Political games won’t help stop child slavery. But you can.
There are more than 20 million men, women, and children enslaved in the world today, including in the United States.
Join with us as we call on Congress to take leadership in the fight against global child trafficking.
The Trafficking Victims Protection Act of 2000 (TVPA) — the cornerstone of all U.S. efforts to combat modern-day slavery — created the first comprehensive federal law to address modern-day slavery in the United States and around the world.
This law works to prevent trafficking, protect survivors, and prosecute offenders. Every few years, the law needs to be reauthorized, allowing innovations and improvements to be added to adapt to the changing nature of human trafficking and tactics of traffickers.
In 2003, 2005, and 2008, the reauthorization passed Congress unanimously. But on October 1, 2011, this important piece of legislation, the largest piece of anti-trafficking legislation in U.S. history, expired as a result of congressional inaction and partisanship.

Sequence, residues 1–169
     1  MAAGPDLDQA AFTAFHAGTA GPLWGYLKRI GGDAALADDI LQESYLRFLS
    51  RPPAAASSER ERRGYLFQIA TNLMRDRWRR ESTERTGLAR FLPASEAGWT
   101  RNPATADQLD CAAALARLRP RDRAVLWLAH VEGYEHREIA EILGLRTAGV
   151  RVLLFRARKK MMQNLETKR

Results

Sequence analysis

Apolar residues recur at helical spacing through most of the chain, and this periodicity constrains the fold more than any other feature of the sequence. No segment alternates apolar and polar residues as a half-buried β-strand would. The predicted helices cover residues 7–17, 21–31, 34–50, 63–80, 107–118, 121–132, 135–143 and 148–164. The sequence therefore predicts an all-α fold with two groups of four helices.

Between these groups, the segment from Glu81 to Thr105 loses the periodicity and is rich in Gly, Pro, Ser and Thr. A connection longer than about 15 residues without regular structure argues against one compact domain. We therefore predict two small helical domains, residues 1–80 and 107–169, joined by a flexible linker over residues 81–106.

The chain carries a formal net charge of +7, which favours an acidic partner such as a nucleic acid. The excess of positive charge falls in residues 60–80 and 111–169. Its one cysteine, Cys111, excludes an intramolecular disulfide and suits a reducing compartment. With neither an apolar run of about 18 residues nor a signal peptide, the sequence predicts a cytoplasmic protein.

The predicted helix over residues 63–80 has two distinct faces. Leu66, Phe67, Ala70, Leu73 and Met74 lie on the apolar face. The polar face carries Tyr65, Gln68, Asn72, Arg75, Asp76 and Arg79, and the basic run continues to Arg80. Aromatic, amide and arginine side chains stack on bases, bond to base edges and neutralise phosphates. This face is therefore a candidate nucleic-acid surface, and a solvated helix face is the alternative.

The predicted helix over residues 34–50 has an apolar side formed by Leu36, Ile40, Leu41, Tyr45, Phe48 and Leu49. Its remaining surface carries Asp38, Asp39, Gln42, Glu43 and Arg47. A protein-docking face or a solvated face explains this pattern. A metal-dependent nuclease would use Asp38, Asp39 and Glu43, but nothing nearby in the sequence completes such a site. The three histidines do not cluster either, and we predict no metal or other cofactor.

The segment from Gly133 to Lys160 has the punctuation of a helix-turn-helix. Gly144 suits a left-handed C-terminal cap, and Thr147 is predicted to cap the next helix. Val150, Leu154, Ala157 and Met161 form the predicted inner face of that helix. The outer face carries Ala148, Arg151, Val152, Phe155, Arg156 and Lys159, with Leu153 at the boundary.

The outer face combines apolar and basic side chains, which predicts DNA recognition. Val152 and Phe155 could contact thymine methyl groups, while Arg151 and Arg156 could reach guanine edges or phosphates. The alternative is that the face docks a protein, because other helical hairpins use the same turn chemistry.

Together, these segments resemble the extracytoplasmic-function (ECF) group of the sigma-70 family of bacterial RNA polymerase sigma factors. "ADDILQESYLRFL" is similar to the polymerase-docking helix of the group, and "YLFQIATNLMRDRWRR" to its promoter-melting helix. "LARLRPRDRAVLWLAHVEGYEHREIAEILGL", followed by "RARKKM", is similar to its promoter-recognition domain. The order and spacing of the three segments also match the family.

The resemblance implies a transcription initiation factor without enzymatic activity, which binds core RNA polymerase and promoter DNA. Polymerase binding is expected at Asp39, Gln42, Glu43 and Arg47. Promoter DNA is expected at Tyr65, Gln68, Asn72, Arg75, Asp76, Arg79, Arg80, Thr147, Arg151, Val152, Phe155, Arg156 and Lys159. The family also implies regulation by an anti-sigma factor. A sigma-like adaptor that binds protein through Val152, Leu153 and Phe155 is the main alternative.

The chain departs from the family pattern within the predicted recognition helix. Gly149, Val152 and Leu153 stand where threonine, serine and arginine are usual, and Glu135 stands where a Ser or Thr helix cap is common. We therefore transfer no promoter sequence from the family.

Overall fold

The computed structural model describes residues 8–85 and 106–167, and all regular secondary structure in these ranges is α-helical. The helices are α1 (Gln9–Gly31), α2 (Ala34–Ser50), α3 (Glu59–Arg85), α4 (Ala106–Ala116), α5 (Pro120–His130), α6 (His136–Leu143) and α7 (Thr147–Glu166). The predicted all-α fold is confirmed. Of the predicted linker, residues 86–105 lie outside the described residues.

This failure threatens U.S. global leadership in the fight against modern-day slavery and jeopardizes the progress made over the last decade. Though the laws stay on the books without a current, authorized bill, the programs, taskforces, and projects do not have to receive any funding from Congress. This leaves critical components of the legislation at risk.
Last year, the Senate version of the Trafficking Victims Protection Reauthorization Act (TVPRA) had the most bipartisan cosponsors of any bill in Congress — a direct result of citizen advocacy. But despite widespread bipartisan support, the bill failed to pass the Senate because of partisanship and inaction. In the House, there was no bipartisan version of the TVPRA.
Call your members of Congress and urge them to support the reintroduction and swift passage of the TVPRA. Use our call form to look up the phone numbers of your members, preview a recommended call script, and log your call with us.